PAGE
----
Republican Albuquerque City Councilor Don Harris called upon his constituents to vote against the initiatives, the same Don Harris that supported spending taxpayer money on the disastrous ART Bus project without a public vote.
Republican Party Chairman Steve Pearce at the last minute called the mail in ballot initiative “deeply flawed” as if to say the Republican party would contest the results if the measures past.
What was very disappointing is that Albuquerque Mayor Tim Keller took no position on, did not endorse, and was nowhere to be found on any of the 3 APS ballot measures.
When Keller was running for Mayor, he advocated city taxpayer funding for afterschool programs and city security funding for the schools.
The city and APD provides for police security at the schools in addition to APS’s own police force.
Keller did find the time to go to Santa Fe and have a photo op with students to promote gun purchase background checks, but said nothing about the $20 million included in the APS special election needed by APS for school security upgrades in response to the rash of incidents of gun violence on school grounds across the country.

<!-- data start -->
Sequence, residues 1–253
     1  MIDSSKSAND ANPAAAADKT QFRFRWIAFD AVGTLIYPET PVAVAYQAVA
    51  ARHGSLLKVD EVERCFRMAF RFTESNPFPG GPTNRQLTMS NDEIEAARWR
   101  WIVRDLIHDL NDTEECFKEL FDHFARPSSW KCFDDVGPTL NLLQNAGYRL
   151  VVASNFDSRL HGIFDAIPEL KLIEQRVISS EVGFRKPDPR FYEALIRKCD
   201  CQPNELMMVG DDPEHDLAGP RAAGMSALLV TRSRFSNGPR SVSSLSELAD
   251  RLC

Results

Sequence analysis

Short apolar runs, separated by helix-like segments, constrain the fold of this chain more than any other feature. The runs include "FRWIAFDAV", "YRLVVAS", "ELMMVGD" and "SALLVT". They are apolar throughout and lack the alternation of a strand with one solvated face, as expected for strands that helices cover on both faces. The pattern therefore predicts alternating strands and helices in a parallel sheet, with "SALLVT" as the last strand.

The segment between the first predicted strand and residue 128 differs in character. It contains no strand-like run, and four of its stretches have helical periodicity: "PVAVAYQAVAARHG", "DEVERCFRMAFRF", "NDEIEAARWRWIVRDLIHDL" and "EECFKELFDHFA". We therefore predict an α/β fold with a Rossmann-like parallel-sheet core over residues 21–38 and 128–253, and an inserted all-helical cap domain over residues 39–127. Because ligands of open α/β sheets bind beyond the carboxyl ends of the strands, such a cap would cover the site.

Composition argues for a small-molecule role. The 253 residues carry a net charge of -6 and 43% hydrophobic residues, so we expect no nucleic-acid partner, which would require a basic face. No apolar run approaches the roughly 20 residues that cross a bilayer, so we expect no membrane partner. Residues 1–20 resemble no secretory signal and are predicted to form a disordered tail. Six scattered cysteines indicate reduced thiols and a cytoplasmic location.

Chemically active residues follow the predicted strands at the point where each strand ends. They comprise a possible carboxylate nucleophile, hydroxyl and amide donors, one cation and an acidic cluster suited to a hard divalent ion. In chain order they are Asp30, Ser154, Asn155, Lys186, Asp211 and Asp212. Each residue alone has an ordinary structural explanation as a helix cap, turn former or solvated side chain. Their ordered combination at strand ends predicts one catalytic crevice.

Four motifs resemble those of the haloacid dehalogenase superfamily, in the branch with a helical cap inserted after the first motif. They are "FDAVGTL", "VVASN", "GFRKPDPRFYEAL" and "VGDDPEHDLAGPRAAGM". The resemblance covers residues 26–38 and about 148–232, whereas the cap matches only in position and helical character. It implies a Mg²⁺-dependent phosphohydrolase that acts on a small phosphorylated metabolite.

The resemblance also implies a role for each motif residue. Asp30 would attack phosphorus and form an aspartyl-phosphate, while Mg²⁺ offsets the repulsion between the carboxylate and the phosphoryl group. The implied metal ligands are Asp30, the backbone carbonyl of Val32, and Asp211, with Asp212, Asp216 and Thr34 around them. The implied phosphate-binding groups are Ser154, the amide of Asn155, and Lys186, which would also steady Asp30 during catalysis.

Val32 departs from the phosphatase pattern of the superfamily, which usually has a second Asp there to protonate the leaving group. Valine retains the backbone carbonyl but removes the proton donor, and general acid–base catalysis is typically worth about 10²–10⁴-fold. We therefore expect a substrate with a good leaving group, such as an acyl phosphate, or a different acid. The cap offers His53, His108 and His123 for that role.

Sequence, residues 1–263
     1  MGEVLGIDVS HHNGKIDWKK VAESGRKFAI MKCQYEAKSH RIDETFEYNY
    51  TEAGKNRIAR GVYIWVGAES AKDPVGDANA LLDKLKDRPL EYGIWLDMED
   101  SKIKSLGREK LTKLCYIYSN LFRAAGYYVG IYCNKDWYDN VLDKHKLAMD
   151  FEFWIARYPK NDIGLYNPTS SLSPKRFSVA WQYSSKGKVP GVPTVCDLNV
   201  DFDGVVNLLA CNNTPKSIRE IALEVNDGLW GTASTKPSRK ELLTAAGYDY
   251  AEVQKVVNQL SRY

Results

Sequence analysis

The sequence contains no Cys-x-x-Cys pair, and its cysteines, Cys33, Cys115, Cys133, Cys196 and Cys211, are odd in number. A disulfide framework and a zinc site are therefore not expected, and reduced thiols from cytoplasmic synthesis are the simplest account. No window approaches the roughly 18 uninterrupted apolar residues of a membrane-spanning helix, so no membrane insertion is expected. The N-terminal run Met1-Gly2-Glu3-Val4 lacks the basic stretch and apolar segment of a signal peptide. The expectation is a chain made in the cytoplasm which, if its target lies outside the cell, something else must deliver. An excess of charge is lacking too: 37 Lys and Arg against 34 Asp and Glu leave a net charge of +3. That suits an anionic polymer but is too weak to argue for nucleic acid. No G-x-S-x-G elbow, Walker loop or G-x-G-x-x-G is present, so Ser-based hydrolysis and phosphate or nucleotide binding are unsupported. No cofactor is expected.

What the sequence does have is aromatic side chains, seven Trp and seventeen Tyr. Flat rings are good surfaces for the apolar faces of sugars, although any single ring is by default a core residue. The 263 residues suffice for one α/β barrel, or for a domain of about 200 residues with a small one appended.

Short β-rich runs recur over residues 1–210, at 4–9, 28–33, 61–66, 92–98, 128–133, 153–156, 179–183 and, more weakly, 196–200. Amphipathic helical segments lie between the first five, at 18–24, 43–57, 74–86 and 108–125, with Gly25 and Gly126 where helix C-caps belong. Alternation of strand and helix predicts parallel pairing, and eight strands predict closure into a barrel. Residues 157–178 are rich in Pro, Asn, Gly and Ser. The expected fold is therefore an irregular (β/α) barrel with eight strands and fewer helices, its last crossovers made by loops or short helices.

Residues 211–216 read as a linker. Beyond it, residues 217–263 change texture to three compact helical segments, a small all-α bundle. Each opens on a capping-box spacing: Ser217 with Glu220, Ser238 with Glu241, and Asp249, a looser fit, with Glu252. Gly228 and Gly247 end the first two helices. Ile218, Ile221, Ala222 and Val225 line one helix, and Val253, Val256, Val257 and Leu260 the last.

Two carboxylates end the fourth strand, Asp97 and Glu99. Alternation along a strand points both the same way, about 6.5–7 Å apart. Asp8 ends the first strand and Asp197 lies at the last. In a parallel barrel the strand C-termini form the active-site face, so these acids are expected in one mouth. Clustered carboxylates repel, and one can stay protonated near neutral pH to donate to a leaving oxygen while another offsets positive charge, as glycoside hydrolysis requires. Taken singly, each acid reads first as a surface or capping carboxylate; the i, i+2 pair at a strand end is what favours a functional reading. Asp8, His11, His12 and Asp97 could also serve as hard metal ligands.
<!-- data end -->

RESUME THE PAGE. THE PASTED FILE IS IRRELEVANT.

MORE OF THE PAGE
No one should forget that Mayor Tim Keller himself broke a campaign promise not to raise gross receipts taxes unless there was a public vote and signed a $55 million a year tax increase signing with no public vote, but he was nowhere to be found when it came to the APS initiatives.
Public schools need tax funding for maintenance and repairs as much as the city needs funding for city services and Mayor Keller should have supported the the APS measures.
APS for some time has been a troubled public education district.
The APS Board of Education and the APS administration will now be forced to come up with a detail plan on how to deal with the inevitable shortfall of funding in the school district’s operational fund that will no doubt affect or halt the 23 projects that are already underway at schools in the district.